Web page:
vacuum

Usage

$ vars [global options] vacuum [options]

Arguments

-k | --keep=<count>
Specify the number of latest key items to keep. Keys older than the <count> value will be deleted. Can be used along with --time. Must use one or both of --keep and --time.
-t | --time=<time>
Specify the time period of latest key items to keep. Keys older than the <time> value will be deleted. Use h for hours, m for minutes and s for seconds. If the item has ttl=0 and deleted=0 then it is not deleted. Can be used along with --keep. Must use one or both of --keep and --time.

Options

Global options are detailed here.

-d | --ddb-table-name=<name>
Specify the DynamoDB table name to use. Default is fugue-vars-store.
-r | --region=<name>
Specify the target AWS region.
-f | --full
Vacuum aggressively; this will consume most available capacity. Default is false.
-h | --help
Show help message.

Definition

The vacuum command runs garbage collection, deleting expired keys and outdated versions of keys. When invoked with the -t | --time=<time> option, it deletes key items older than the specified time. When invoked with the -k | --keep=<count> option, it preserves the specified number of latest key items and deletes older key items. You may declare a target region with -r | --region=<name> and a target Vars table in DynamoDB with -d | --ddb-table-name=<name>. You may also elect to vacuum aggressively by setting the -f | --full option, which decreases the delay between vacuum deletes but also consumes more DynamoDB read/write capacity.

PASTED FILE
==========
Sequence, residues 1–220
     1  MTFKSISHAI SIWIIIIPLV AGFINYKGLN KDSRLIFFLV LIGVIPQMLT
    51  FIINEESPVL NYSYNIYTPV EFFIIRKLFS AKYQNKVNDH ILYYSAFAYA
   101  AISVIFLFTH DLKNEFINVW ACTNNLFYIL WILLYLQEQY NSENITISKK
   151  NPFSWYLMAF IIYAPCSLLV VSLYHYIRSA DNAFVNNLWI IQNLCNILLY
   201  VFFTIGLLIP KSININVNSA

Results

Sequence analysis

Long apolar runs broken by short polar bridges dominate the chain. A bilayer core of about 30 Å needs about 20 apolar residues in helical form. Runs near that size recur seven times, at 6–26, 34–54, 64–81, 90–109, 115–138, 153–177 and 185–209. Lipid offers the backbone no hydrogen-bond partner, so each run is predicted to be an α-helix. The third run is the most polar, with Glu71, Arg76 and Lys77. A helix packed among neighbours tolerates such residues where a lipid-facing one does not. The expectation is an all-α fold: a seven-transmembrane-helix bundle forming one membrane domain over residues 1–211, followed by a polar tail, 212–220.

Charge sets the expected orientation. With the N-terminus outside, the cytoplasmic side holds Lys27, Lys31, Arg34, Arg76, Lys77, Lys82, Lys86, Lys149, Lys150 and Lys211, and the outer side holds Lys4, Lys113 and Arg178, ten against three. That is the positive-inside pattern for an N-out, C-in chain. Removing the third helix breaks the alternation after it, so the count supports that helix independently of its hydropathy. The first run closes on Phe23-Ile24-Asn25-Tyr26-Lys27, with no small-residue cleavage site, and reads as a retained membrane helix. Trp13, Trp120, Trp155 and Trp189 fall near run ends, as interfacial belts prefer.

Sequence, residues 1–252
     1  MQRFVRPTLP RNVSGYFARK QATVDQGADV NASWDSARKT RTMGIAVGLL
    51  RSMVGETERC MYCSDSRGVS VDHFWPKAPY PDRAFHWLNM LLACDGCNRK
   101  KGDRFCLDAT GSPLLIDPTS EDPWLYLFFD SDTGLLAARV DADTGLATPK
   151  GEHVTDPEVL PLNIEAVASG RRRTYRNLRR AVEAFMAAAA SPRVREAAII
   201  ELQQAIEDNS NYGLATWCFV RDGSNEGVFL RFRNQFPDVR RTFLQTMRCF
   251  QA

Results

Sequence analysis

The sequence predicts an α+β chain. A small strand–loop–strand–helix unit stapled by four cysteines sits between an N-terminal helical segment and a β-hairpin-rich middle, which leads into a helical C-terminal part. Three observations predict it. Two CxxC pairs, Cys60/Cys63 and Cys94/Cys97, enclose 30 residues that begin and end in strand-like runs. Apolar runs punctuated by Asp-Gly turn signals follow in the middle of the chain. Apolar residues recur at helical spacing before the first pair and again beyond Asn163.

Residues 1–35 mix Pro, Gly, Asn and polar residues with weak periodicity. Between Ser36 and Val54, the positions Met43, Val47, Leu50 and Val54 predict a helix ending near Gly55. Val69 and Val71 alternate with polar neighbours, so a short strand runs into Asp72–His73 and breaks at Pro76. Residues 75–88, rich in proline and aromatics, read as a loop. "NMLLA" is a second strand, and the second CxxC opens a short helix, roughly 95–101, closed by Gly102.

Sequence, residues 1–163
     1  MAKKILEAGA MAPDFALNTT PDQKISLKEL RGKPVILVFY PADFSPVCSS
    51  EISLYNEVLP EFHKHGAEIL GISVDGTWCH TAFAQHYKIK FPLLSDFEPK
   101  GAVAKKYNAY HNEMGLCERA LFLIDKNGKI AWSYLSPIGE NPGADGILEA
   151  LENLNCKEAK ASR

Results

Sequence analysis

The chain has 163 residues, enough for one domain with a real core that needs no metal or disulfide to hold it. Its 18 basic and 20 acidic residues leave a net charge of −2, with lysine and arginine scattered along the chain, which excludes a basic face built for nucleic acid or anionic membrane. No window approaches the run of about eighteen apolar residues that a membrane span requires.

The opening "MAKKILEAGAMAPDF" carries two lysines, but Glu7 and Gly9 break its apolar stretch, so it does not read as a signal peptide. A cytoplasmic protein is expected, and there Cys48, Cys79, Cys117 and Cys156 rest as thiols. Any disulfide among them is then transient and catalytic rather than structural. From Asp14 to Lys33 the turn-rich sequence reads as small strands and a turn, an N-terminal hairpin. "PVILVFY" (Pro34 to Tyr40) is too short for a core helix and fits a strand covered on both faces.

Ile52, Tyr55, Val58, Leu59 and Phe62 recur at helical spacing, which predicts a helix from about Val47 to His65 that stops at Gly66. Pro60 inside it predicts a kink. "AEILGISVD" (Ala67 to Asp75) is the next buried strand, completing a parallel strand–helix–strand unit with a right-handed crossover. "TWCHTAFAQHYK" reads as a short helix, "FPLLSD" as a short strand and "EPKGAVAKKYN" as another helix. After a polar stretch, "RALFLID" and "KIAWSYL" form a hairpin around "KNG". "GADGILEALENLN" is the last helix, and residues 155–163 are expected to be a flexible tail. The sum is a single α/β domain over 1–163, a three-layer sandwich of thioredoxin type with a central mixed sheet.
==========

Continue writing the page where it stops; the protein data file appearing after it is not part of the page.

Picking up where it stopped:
vacuum can be run with a cron job. The Fugue Conductor runs vacuum in this way every hour to delete expired keys and key versions that are greater than 24 hours old from the fugue-vars-store DynamoDB table.

Examples

Using the --keep and --time options together

You can use the -k | --keep option in conjunction with -t | --time. Vars prioritizes the options in a way that results in a greater number of deleted keys.

For example, if you have 100 key items in your Vars DynamoDB table, 75 of which are more than 5 minutes old, you can use -k 50 and -t 5m, and vacuum will prioritize the -t option, which results in a deletion of the 75 oldest keys:

vars -v vacuum -k 100 -t 5m

Note

The -v option in the command above enables verbosity mode, which in this case reports how many key versions are deleted for each key.

Similarly, if you have 100 key items in your Vars DynamoDB table, 75 of which are more than 5 minutes old, you can use -k 10 and -t 5m, and vacuum will prioritize the -k option, which results in a deletion of the 90 oldest keys:

vars -v vacuum -k 10 -t 5m

Use h for hours, m for minutes, and s for seconds with the -t | --time option.

Using the --full option to decrease delay between vacuum deletes

Use the -f | --full option to vacuum aggressively, which removes the delay between vacuum deletes. This consumes more of your DynamoDB read/write capacity.

For example, the following command deletes all but one key item in your Vars DynamoDB table, and deletes them immediately, rather than using a delay between deletes:

vars -v vacuum -k 1 --full

This also creates a spike in consumed capacity. You can check your DynamoDB capacity at any time by visiting the DynamoDB Dashboard in the AWS Console. Click on “Tables” in the left sidebar, select your table name from the list (default table name is fugue-vars-store), and then click on the “Capacity” tab to adjust your read/write capacity units. You can also click on the “Metrics” tab to see CloudWatch graphs of consumed read/write capacity, put latency, and other metrics.